The Piobaireachd Society
Patron HM The Queen

News

Instant Membership

Until now joining the Piobaireachd Society was done via the College of Piping. This meant there was a delay before new members could have the benefits of all the recordings on the website and the conference proceedings and articles. Now new members join directly from the website and will therefor...

More James Campbell recordings

Glengarry's March, Scarce of Fishing, Struan Robertson's Salute, Flame of Wrath for Patrick Coagach, Blind Piper's Obstinacy, MacLeod of Raasay's Salute, Catherines Lament ,John Garve MacLeod of Raasay's Lament, Lament for Patrick Og MacCrimmon, Earl of Seaforth's Salute, Big Spree, Old Woman's Lull...

Lament for the Castle of Dunyveg

A recording by Patrick Molard of the ground and a variation from the Campbell Canntaireachd which is not in the PS score has now been added to the tune page. ...

New edition of Book 9

The new edition of the Piobaireachd Society book nine is now available.  This contains corrections of Fair Honey and the other tunes in it are Battle of Bealach nam Brog Battle of Balladruishaig Lady Anapool's Lament His Father's Lament for Donald MacKenzie The Laird of Conrullich's Lament Lord Lov...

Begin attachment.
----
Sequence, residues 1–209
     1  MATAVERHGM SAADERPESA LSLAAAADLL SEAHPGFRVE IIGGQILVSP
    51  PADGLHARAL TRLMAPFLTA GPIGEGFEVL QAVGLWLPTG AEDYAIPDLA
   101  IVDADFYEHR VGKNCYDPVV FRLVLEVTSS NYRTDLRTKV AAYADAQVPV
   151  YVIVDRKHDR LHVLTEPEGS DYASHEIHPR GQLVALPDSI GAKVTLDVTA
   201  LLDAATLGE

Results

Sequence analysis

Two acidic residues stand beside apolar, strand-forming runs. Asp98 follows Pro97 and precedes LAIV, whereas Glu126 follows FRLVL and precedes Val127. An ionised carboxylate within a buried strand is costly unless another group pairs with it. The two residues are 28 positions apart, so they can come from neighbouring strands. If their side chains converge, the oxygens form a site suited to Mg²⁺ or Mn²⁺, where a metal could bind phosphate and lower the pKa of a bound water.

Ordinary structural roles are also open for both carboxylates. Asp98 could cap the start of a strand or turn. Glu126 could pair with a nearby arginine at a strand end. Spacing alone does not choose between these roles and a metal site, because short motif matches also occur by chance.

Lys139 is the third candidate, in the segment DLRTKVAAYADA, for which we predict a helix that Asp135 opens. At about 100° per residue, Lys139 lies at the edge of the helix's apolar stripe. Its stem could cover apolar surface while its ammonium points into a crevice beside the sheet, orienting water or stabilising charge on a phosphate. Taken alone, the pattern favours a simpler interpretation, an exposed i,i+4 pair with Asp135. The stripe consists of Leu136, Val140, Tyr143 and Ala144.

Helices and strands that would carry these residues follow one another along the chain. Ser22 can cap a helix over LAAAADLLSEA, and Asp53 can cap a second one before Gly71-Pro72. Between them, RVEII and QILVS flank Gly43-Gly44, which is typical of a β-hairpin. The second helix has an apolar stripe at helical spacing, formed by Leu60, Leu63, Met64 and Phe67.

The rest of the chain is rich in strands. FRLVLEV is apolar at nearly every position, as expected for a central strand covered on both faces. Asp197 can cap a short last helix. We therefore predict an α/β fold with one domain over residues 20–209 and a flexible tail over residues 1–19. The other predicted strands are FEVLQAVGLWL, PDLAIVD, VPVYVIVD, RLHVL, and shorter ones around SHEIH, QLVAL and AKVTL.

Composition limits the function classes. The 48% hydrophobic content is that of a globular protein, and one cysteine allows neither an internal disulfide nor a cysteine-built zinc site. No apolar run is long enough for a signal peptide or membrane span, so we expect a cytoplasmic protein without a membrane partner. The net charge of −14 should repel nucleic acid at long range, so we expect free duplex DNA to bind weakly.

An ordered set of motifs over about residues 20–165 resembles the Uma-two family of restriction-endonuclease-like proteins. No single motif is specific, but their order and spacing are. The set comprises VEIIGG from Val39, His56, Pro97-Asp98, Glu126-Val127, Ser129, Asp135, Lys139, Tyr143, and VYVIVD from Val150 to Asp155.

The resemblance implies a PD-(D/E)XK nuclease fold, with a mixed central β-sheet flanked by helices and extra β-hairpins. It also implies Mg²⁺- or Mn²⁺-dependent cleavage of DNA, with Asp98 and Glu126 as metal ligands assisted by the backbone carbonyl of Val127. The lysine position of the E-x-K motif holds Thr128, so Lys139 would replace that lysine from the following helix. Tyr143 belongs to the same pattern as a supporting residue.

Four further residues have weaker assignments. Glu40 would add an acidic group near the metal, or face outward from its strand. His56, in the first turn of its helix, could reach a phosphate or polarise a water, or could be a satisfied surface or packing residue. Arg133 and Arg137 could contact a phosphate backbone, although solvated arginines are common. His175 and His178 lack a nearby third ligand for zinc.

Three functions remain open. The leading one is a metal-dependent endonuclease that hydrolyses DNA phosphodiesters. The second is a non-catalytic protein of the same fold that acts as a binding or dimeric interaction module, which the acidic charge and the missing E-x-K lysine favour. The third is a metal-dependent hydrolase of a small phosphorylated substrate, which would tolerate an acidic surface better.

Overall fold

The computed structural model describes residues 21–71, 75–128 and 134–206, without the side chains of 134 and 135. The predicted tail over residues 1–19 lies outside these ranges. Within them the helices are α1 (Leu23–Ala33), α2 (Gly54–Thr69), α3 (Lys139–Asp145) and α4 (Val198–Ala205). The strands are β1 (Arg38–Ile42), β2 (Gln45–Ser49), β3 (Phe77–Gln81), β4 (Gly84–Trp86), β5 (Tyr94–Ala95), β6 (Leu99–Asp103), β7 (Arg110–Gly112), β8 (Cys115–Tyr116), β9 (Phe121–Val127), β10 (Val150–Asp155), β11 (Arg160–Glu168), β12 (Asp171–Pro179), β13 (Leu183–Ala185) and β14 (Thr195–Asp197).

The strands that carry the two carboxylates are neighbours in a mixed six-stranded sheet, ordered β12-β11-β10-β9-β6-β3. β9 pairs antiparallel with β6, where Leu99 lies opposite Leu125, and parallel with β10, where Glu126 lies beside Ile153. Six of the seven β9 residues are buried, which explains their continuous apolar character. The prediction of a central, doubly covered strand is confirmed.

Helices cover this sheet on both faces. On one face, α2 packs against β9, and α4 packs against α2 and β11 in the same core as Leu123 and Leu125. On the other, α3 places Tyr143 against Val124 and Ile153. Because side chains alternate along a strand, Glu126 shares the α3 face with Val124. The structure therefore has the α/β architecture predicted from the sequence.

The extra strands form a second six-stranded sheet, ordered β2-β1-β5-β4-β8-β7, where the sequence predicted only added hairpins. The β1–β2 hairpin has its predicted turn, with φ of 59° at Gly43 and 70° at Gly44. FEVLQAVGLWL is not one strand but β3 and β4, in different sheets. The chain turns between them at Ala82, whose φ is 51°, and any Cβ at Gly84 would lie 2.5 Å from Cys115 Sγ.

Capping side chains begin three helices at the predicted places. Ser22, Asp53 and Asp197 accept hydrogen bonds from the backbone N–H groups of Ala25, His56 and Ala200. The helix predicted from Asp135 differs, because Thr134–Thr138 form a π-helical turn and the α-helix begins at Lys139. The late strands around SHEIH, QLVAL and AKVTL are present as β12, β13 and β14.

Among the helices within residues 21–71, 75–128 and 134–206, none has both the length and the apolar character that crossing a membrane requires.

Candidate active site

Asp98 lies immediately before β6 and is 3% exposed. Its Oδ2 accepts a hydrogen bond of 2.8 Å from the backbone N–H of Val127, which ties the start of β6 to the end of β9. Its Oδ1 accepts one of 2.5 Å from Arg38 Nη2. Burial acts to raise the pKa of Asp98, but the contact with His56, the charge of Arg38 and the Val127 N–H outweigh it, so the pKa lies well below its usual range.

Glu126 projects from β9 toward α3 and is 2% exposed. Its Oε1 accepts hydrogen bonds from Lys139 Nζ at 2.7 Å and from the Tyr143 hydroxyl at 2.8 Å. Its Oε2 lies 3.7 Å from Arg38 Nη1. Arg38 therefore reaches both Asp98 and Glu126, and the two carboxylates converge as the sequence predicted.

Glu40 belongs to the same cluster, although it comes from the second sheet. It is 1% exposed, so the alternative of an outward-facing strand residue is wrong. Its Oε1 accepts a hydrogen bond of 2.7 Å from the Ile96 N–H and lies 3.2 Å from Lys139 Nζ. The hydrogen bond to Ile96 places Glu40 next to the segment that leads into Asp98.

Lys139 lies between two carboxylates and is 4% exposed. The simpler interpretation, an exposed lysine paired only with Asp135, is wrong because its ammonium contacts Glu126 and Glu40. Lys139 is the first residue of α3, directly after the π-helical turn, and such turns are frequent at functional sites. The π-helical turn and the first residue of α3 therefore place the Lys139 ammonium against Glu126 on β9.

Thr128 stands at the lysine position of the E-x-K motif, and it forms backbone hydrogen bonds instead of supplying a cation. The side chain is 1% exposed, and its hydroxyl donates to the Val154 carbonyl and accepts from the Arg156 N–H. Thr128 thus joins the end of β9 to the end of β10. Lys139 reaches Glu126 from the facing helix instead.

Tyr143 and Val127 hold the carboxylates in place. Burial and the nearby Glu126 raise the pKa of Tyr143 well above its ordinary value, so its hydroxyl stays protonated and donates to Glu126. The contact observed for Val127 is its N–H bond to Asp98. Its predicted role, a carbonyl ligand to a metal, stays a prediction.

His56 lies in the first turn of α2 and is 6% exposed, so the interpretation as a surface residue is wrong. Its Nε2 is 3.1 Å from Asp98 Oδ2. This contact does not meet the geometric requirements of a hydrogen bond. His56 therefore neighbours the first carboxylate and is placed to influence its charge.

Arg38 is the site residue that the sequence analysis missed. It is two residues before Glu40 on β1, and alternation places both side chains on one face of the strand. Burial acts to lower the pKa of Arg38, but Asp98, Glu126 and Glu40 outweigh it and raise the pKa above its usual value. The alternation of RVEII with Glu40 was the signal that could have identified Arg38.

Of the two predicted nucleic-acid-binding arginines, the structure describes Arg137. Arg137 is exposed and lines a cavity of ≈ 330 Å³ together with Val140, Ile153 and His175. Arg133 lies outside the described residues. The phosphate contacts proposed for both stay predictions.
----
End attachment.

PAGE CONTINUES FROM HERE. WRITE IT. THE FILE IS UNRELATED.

Welcome

When the Highlands and Islands of Scotland adopted the bagpipe, perhaps some seven hundred years ago, pipers began to develop it and its music to suit their needs and tastes.

What emerged was the instrument we know today as the Great Highland Bagpipe, and a form of music, piobaireachd (pronounced ‘pee-broch’).

Piobaireachd is unique to this instrument. It cannot be successfully reproduced on any other. (The name piobaireachd is literally ‘piping’ in Gaelic.)

This classical pipe music consists of a theme, known as the ground, or in Gaelic the urlar (‘oorlar’), and variations on this theme.

The theme can express joy, sadness, or sometimes, in the ‘gathering’ tunes, a peremptory warning or call to arms.

Variations on the theme usually progress to the ‘crunluath’ variation, where the piper’s fingers give a dazzling technical display of embellishments or gracenotes.

The Piobaireachd Society was founded in 1901 to encourage the playing teaching and study of this music.